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REMINDER: call for abstracts GSA-Cordillera Mtg "Reconstructing the Pacific–North America Plate Boundary Through Late Cenozoic Time"

Date: 02/13/2013

Forwarded reminder from Scott Bennett, UC Davis:

Dear Colleagues--

This is to remind you that if your research involves crustal deformation associated with the Pacific-North America plate boundary, including the Walker Lane, ECSZ, and the Gulf of California, please consider submitting an abstract to this themed session at the GSA Cordilleran Section Meeting in Fresno, CA, May 20-22, 2013.

"T10. Reconstructing the Pacific–North America Plate Boundary Through Late Cenozoic Time." 

Scott Bennett, University of California, Davis
Rebecca Dorsey, University of Oregon
Michael Oskin, University of California, Davis
Michael Darin, ConocoPhillips

Confirmed invited speakers:
Joann Stock, Caltech
James Faulds, Nevada Bureau of Mines and Geology & University of Nevada, Reno

Abstract Deadline is February 19, 2013. 

Submit your abstracts at http://www.geosociety.org/sections/cord/2013mtg/techprog.htm

Full session description:

T10. Reconstructing the Pacific–North America Plate Boundary Through Late Cenozoic Time.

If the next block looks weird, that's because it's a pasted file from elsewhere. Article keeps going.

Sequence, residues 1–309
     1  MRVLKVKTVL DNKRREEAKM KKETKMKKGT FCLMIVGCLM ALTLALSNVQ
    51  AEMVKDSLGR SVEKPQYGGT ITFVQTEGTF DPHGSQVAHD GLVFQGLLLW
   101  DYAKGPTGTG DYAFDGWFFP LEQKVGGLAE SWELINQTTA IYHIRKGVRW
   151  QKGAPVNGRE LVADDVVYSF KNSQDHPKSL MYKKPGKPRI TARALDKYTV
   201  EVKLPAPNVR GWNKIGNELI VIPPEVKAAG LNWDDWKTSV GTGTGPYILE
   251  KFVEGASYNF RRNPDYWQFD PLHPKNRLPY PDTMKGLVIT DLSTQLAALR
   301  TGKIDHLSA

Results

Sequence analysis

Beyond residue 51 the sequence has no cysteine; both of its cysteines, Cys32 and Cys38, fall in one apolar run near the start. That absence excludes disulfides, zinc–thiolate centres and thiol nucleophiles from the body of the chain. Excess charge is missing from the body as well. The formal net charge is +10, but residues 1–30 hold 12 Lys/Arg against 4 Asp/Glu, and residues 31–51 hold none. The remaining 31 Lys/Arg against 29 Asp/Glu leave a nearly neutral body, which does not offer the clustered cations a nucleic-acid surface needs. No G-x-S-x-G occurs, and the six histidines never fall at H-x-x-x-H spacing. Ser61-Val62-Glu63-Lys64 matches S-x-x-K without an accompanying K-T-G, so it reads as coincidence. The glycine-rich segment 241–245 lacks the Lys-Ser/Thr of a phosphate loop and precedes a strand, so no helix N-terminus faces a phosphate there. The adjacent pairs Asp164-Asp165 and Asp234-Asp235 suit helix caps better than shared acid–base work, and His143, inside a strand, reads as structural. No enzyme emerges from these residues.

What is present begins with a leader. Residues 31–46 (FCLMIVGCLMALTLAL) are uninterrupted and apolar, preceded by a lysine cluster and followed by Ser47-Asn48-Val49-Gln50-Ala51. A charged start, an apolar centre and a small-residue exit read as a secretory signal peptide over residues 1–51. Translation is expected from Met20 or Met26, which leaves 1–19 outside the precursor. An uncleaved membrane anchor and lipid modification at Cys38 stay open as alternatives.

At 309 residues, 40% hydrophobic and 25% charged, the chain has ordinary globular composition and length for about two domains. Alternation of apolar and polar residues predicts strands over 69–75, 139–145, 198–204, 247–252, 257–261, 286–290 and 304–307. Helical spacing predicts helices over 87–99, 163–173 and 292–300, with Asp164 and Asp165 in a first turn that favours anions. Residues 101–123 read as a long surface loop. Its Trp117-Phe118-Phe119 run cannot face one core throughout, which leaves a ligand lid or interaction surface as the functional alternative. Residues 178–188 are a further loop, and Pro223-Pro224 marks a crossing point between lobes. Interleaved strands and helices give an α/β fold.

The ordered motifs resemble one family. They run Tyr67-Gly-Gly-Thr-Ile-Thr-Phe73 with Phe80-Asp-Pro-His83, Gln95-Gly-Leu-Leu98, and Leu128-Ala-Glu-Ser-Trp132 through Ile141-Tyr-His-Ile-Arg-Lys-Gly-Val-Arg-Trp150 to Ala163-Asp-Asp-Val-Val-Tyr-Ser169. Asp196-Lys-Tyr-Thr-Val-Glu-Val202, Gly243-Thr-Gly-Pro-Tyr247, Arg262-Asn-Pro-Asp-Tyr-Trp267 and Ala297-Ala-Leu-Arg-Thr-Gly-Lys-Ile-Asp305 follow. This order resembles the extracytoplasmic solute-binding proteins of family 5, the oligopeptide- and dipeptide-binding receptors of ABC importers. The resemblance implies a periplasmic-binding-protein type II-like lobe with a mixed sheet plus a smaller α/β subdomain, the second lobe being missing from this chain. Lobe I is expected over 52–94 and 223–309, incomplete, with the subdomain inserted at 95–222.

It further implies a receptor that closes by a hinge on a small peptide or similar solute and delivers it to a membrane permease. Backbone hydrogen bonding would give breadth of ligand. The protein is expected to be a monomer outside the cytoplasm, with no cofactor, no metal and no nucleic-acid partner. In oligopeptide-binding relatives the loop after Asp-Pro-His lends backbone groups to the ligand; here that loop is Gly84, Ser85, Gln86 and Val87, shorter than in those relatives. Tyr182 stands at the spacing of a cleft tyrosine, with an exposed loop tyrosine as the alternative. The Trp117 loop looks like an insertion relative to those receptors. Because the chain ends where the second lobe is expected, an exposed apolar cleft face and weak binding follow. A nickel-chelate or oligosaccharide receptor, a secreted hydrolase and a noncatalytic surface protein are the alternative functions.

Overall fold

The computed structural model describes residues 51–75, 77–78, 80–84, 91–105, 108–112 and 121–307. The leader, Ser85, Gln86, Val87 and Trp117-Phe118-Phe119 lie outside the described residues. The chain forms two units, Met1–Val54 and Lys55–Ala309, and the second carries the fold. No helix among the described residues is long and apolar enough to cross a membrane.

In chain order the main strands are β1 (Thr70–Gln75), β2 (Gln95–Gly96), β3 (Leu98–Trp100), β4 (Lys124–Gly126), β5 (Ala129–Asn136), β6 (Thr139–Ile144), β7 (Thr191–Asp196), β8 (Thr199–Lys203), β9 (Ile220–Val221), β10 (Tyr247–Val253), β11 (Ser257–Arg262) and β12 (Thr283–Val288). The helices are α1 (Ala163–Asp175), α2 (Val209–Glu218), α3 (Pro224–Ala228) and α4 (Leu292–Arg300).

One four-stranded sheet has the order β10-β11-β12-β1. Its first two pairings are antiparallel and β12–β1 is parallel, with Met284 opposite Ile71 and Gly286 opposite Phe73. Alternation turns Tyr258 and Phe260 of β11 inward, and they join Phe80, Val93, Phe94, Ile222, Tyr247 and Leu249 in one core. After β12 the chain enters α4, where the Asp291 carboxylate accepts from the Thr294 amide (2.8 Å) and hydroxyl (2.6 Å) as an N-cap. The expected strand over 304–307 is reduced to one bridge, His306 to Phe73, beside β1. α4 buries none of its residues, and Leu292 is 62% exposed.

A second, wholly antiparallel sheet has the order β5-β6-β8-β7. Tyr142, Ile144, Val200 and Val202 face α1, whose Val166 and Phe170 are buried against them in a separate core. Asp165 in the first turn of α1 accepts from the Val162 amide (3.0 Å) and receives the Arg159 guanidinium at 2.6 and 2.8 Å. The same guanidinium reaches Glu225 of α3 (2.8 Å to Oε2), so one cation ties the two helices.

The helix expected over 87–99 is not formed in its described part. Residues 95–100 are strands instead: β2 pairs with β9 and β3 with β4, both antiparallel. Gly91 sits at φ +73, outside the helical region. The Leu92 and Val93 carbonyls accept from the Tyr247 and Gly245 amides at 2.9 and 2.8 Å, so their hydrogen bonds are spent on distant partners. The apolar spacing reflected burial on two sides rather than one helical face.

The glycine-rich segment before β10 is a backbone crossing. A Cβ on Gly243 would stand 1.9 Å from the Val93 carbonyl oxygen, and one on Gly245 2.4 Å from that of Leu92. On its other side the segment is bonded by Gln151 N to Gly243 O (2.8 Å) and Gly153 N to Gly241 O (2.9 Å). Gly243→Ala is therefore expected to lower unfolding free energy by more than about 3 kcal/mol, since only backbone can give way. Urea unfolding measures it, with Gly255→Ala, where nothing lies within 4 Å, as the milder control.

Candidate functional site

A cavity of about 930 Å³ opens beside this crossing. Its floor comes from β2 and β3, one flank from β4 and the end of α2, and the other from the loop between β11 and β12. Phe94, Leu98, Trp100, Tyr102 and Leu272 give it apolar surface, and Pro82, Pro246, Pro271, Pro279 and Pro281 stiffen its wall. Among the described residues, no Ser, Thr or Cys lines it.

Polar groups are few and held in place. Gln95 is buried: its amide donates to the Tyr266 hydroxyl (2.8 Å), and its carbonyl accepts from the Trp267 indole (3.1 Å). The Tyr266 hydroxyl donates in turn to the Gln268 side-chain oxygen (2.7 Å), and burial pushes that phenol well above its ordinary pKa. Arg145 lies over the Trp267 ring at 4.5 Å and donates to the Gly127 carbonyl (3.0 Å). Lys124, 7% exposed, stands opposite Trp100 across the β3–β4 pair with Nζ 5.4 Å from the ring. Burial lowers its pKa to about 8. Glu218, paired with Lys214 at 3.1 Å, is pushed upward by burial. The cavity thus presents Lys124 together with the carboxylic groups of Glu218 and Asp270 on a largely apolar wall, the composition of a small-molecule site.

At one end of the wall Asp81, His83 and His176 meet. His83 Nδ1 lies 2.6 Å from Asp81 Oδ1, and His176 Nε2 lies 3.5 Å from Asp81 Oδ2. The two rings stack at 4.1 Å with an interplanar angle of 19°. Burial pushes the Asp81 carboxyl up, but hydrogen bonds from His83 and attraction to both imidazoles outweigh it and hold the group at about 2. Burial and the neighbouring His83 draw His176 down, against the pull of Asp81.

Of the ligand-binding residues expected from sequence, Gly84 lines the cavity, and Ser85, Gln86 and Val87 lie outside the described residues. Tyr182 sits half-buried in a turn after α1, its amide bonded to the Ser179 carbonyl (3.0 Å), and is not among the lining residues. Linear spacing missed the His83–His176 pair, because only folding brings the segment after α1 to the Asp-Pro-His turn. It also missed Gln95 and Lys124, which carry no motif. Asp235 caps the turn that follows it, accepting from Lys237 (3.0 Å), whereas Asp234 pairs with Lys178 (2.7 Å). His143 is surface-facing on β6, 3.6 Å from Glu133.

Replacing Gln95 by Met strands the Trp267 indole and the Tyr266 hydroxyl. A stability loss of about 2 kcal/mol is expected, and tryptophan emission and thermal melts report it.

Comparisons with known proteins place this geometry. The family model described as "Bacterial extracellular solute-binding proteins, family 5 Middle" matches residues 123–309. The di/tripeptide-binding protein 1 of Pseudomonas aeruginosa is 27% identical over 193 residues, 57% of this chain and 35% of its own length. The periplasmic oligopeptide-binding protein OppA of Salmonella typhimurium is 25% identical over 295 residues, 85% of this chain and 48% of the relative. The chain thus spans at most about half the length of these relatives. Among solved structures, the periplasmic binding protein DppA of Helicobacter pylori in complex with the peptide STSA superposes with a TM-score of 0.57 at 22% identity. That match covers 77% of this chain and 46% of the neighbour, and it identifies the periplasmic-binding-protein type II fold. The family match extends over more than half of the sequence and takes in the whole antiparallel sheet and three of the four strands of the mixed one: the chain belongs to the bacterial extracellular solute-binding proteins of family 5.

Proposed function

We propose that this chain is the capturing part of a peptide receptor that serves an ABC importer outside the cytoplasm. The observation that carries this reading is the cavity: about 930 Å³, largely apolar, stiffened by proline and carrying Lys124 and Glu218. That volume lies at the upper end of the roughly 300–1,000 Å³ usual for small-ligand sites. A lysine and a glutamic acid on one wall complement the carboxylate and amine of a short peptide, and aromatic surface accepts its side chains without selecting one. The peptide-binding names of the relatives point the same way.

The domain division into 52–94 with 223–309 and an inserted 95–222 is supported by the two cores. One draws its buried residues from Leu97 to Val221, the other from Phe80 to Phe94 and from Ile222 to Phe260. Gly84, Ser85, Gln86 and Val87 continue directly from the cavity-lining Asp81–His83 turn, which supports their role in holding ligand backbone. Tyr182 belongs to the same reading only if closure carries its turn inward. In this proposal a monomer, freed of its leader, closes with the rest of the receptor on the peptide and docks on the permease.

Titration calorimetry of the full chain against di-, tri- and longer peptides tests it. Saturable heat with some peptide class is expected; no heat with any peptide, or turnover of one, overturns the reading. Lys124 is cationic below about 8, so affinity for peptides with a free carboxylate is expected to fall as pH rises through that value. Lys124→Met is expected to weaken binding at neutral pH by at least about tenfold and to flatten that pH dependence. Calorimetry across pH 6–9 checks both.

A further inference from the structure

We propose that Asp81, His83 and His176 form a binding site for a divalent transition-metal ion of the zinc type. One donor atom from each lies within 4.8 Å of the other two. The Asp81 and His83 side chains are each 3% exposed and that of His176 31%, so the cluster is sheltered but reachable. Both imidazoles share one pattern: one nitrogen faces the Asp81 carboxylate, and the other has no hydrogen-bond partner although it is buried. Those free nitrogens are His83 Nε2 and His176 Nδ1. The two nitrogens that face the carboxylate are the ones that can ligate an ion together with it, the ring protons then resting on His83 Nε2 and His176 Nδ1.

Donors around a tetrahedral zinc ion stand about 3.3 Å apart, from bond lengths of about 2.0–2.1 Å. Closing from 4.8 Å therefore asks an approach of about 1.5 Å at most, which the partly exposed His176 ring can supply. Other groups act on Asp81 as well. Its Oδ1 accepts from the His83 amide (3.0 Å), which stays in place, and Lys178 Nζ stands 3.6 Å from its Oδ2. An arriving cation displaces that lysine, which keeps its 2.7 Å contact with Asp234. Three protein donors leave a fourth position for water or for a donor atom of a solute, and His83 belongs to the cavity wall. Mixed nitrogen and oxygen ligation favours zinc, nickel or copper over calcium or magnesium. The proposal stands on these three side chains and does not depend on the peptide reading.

This session addresses long-standing questions concerning Pacific–North America relative plate motion on the San Andreas fault, Walker Lane, Eastern California Shear Zone, and Gulf of California transform fault system since its inception ca. 28 Ma. Insights from geologic mapping, stratigraphy, geochronology, paleomagnetism, geophysics, and related datasets provide critical constraints on the history of dextral offset along this 2,500-km-long transform plate boundary. Recent studies have made important new advances on this problem, but the challenge that remains is to integrate observations into a coherent model for the evolution of the plate boundary through time. Unresolved controversies include, but are not limited to (1) total dextral offset across the San Andreas fault north of the Transverse Ranges, (2) disparate estimates for total offset across the southern San Andreas fault, (3) cumulative distributed shear in the Walker Lane and Eastern California Shear Zone, (4) age of marine incursion in the Gulf of California–Salton Trough, and (5) distribution and timing of dextral strain across the Gulf of California since middle Miocene time. We invite contributions from local to regional to plate-boundary scale studies that offer new insights from constraints such as offset geologic markers, basin analysis, and geodetic studies, with particular interest in map-view reconstructions that integrate multiple, diverse datasets.